Tuesday, November 27, 2007

Only a couple of weeks ago...

I didn't realize I had posted only about a couple of weeks back. It seems a lot has happened in these two weeks.

Thanks to the success of some of our apps on Facebook, we ran into scaling issues the last few days. We went from one box setup to two and then to three very quickly. This was the one of those times when years of dealing with large scale problems at Amazon comes in handy. Above all, we were particularly pleased with the fact that our component based distributed system design allowed us to scale out with little headaches, and it gave us considerable flexibility in optimizing our systems.

Quite a few friends are now in the midst of their own startups, and when I share my lessons learned, I actually don't harp much on building scalable systems anymore. Product and monetization comes first, and I still believe if you need to build things to scale you'll be able to handle it. Just make sure you have the engineering talent for it. That said, if you are building applications on platforms like Facebook where, just maybe, your applications can ramp up to 100,000+ daily active users in a few days, you'd better plan for scaling upfront. I think, it would have been much more costly for us to scale had we not built our systems well the first time around. But even then, every such problem is unique, and you will have to handle new problems when you do run into scaling issues.

In the midst of this I managed to sneak away to Hawaii for a short trip. If you haven't been to the big island of Hawaii, I suggest you pack a bag and go. Snorkeling on the west side -- particularly the Cook monument -- was probably the best we've experienced in the state of Hawaii.

Tuesday, November 06, 2007

Facebook ads: More hype?

It's no secret we've been developing apps on Facebook for Jambool. And where the more involved apps have had a hard time taking off, the brain dead ones are rocketing up. In the last one week we added more than 50,000 users without spending a penny on advertising. Now there's got to be some value in that.

Facebook announced today that they are coming out with "Facebook Ads." Techrunch covered the announcement in New York. This stuff has been speculated for a long time. Facebook already has their ad network -- it's called Facebook Flyers. And going by the ads I see on them ocnsistently, my guess is that they are not doing that well. We even tried using them sometime ago, and ad clickthrough as well as conversion from these ads was abysmal. So are things set to change with the new release?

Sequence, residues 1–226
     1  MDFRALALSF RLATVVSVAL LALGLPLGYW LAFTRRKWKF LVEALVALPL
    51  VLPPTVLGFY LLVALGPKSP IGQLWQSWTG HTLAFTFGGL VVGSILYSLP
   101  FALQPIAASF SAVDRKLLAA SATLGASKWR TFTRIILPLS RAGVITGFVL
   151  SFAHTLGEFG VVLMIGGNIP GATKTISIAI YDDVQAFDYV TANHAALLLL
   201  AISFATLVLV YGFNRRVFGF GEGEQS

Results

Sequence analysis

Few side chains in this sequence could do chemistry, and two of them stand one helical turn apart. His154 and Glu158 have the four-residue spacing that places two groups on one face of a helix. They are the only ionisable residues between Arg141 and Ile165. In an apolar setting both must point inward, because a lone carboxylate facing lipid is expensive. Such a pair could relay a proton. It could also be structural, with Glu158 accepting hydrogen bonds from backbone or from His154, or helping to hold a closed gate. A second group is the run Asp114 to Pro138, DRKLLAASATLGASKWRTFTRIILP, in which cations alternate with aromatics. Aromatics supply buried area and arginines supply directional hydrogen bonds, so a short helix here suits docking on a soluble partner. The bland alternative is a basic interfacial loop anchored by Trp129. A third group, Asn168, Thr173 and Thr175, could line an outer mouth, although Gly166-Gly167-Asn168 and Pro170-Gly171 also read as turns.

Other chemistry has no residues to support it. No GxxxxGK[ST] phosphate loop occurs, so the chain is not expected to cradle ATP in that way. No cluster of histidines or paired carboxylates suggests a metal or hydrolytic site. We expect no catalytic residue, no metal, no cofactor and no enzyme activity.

I don't think so.

I'm trying to understand what they are offering, and here's my understanding. Facebook does provide advertisers the ability to target ads for specific demographics and user attributes (age, location etc). But this is what they do with Facebook flyers -- and afaik it is not a successful program. I think the important factor in ads that helps convert users is not as much just the targeting but the context that the ad is displayed in as well. This is where Facebook seems to be missing out. They talk about beacons and insights -- that people can be walking billboards for brands they love, and spread the virus into their network. So you can publish your purchases etc to your friends, advertising the web site you bought it from. While useful, I would wait to get some numbers on this data to see if this is really worth anything. Because my friends bought "something" at Ebay doesn't make me jump on and go to ebay. It reeks of advertising, not a recommendation. Besides being a privacy concern, I am not convinced that users will want to have their purchases get published to their friends.

The talk about "Insights" seems to be wishful thinking. They "will be able" to track how much people are talking about the brands in forums, which forums and brand pages the user goes to, and target the ads better. I suspect that there is no data that they have to back up their claims -- What is the actual impact they can make for a brand? It isn't even anything new. Companies like doubleclick and Google have cookiess in just about every browse out there. They know which sites you go to, which brands you visit, etc etc. Or at least they are in the position to. They may not know the specific age and sex and favorite color and pet peeves of every user, but when you have enough data about the user through the kind of sites he/she visits, this data starts to become irrelevant -- especially if the end goal is to just target the ads for that user. Age and sex be damned, just show the ads to the user that he or she is most likely to click on. That's the best service you can do to your advertisers and publishers.

It also seems that Facebook is not really providing application developers a new avenue to make money. They seem to be intent on being the publisher for all ads, and attracting the advertisers to put ads -- including application developers. At least I did not read anywhere that they are providing a means for developers to monetize through Facebook ads. This, I think, is where they are missing out. There is more money to be made by sharing the pie with developers than with getting the developers to pay for getting traffic. This would mean, that developers will continue to stick with the existing ad networks to get ads for their pages, and as a result, advertisers will also continue to advertise on these networks.

So my reading of the Facebook ads is that it is more hype than substance. Life's going to go on just as it was.